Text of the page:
Karaoke is one of the favorite pastimes in Japan. Enjoyed by people of all ages, it is also an interesting activity for travelers, particularly those in search of some night entertainment. Besides the Karaoke buildings in which you can have a room for you and your friends, you can also go to any bar that has a sign written karaoke (カラオケ) if you don’t mind singing in front of strangers. Read below some of the information you might need to know before entering a Karaoke place.
1. Where to go
Across Japan, karaoke buildings can be easily found, principally in big cities such as Tokyo. Usually situated nearby train stations, the best way to enjoy karaoke as a foreigner is to go to one of the more prominent karaoke chains, such as Big Echo and Karaoke-kan, as those chains offer a regularly updated selection of songs and you have a higher chance of finding the non-japanese songs you might be looking for.
2. Time schedule
Karaoke establishments are usually open from around 11:00am to 3:00am, except for Fridays and Saturdays on when they normally have longer operation hours. Some karaoke have discounts on Nomihoudai (all you can drink) after midnight, as some people will party until the first train arrives in the early morning. Be sure to take into account of how you want to go back to your hotel if you are not going to a karaoke location within walking distance.
3. First steps
While practices vary at different karaoke establishments, the common process when entering a karaoke chain outlet and approaching the reception counter involves filling out a simple form. On this form you’ll usually have to fill in the following information: your name, the number of people in your group, and how long you expect to stay. You can also order food or drinks, of which the price might be included in the room fee or not (after you get inside the room, drinks and food have to be ordered through a phone). Finally, a room will be given according to the amount of people in your group. On the way to the elevator, you might find percussion instruments such as tambourines and maracas free to use, and some establishments might even have costumes for people that like to cosplay while singing.
4. Lighting and setup
In some Karaoke establishments such as Karaoke-kan, they let you control the room lights. When the music plays, lightining effects will follow the rhythm of the song, creating a feeling of singing on a stage. If you want a more intimate feeling, you can turn off the lights. Remember, you can always adjust the volume of the song and of the microphone according to your liking using the karaoke touchpad or directly at the karaoke player.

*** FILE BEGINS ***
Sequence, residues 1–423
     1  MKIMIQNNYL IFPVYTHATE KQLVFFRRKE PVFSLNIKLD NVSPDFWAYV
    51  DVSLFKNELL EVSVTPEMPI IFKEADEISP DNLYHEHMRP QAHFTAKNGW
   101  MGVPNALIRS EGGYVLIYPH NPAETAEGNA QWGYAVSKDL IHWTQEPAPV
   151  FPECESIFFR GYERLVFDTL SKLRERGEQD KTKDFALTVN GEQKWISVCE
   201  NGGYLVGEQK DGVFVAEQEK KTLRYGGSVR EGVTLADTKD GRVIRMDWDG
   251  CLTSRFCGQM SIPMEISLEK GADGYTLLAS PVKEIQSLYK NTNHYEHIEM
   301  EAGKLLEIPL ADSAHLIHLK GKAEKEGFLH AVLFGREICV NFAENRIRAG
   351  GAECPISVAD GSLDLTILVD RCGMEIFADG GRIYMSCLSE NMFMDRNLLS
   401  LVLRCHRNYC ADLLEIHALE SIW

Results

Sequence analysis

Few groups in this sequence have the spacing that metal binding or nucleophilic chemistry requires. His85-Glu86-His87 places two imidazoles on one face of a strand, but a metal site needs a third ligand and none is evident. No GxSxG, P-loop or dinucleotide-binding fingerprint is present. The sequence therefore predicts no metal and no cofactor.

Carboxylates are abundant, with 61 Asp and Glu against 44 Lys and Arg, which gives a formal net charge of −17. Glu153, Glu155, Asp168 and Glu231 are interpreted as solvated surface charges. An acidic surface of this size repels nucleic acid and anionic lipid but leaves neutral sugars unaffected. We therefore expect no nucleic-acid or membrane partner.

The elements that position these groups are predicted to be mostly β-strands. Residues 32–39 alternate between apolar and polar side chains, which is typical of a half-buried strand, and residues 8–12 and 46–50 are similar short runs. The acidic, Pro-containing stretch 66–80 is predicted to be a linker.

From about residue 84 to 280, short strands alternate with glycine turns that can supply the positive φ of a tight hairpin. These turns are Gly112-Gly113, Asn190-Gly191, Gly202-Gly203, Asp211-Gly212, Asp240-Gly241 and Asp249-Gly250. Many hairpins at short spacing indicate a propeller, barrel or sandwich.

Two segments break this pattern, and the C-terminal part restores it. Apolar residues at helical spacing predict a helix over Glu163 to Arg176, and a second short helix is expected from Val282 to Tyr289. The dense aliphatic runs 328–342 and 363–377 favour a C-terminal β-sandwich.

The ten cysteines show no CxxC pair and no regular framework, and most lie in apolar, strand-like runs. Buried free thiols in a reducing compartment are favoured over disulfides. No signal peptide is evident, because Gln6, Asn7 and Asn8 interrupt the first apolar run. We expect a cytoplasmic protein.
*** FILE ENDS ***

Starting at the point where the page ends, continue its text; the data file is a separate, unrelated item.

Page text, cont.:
5. Picking songs with the karaoke player
Karaoke players let you select songs by searching through a touch screen panel. When first look at the panel, you can choose the language with which you want to search for the songs, which can be found using the band or the song name. After making a selection, the song starts to play or is added to the queue of songs requested. Using the Karaoke touchpad, besides adjusting the volume of the music and of the microphones, you can also change the song pitch, skip songs that you don't want to sing anymore.
6. Typical charges
Branches often have variable prices dependent on the area. Promotions for one branch may not be useable for another. Normally charged on a per-person, half-hourly basis, Karaoke charges range from 100 yen during off-peak periods to 400 yen or more during peak periods. Off-peak would be usually weekdays before 19:00, while weekday evenings, weekends and holidays are considered peak periods. Sometimes, Karaoke establishments might also require a minimum order of one drink per person.
7. Food and Drink Menu
On the table inside the room you’ll find a menu with a selection of food and drinks going from pizza to takoyaki. You should order it through a phone, knowing Katakana and Hiragana would be useful to help you out while reading the names, and if you know how to use Japanese counters, it should be easy to order. When you decide on what you want, just pick up the phone and tell the person in the other side of the line what you want.
This large chain has branches all over Japan. It became famous after the theater release of the movie "Lost in Translation" starring Bill Murray (rooms 601 and 602 of the Shibuya branch are the ones displayed in the movie). If you have watched the movie and seek to have the same feeling, that is the perfect place for you. Inside their rooms you might find disco lights and luminous paint. It also has percussion instruments avaiable to use.
9. Big Echo
Big Echo is another popular chain and it is easy to find in Tokyo. It has rooms designed for everyone, from singing couples to big groups. Thousands of songs are available, and even though big echo has a good list of anime songs, don't expect much in the way of contemporary western music as its english menu is not as good as Karaoke-Kan. Prices at Big Echo might be cheaper than Karaoke Kan, as both of this chains are highly popular, in places like Tokyo, don't forget to compare prices before picking a Karaoke room.
10. Other Karaoke
Japan has a vast option of Karaoke chains. Shidax is know for having a higher quality food and drink selection, but its price goes together with its quality. Cote D'azur is another Karaoke which hfood menu is on par with restaurant quality. If you are looking for low-priced Karaoke and get some free drinks while you`re at it, two good options are: karaoke no Tetsujin and Utahiroba. They usually have some good Nomihoudai (all you can drink) services.
Partying with friends in a Karaoke room might be considered a national pastime in japan. As many estabilishments don't stay open until late, going to a Karaoke is one of the best options to enjoy Japan's nightlife. Have you ever wanted to enjoy singing in a Karaoke in Japan?